With the weather pattern stuck in neutral, no big weather stories are in the immediate future for Long Island. It may take several days before things get kicked into gear and the area says any sort of significant precipitation.
So far, the calendar year has been on the cold side. Some of the coldest temperatures seen in almost a year have hit Long Island, including two days of highs at the freezing mark. The two jet streams, polar and sub-tropical, are far apart. This means weak storms pass to our north, and wetter storms pass to our south. This is called a split flow, and Long Island is in the middle of both, leading to less stormy weather.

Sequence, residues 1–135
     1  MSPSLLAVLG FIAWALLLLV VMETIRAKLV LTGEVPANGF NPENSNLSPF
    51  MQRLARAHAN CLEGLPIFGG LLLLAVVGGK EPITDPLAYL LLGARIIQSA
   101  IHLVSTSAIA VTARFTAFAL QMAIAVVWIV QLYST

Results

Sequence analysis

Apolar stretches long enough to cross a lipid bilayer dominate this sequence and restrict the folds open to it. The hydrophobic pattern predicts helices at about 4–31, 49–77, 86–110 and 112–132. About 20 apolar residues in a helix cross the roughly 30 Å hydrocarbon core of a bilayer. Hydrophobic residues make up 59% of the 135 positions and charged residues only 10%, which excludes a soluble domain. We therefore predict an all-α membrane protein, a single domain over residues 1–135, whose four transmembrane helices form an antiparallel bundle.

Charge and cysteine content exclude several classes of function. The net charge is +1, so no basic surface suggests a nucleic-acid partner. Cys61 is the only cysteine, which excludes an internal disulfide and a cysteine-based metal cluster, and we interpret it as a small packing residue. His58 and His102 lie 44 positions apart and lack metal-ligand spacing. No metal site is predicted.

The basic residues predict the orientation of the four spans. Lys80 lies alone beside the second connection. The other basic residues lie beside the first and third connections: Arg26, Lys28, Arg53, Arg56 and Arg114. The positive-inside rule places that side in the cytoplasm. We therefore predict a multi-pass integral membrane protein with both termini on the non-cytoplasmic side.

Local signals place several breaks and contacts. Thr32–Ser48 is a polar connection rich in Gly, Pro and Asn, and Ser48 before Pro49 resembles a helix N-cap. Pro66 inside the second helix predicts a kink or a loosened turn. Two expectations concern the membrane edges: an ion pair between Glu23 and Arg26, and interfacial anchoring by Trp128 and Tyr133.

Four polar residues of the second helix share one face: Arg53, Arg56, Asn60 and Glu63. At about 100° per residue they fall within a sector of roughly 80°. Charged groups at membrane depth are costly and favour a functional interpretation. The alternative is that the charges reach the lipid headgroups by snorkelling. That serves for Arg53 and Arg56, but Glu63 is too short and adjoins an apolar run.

This pattern should continue into next week with a couple of hiccups. One is Friday night, where a very weak storm may pass through with a flurry or two. Another comes through Sunday with yet another chance for flurries. Both storms, as of the latest forecast, have little moisture in the atmosphere to work with. The result is a mostly dry forecast right through Tuesday. Highs will fluctuate around 40 until Monday.
After the two weak systems pass through, high pressure builds in nicely for early next week, leading to milder temperatures by Tuesday. Highs in the 40s will be common by the middle of next week. There's inconsistency in the timing of a big storm that comes in either late next week or the weekend, depending on your model of choice. While the consensus is "warm enough for all rain," it's too early to be concerned.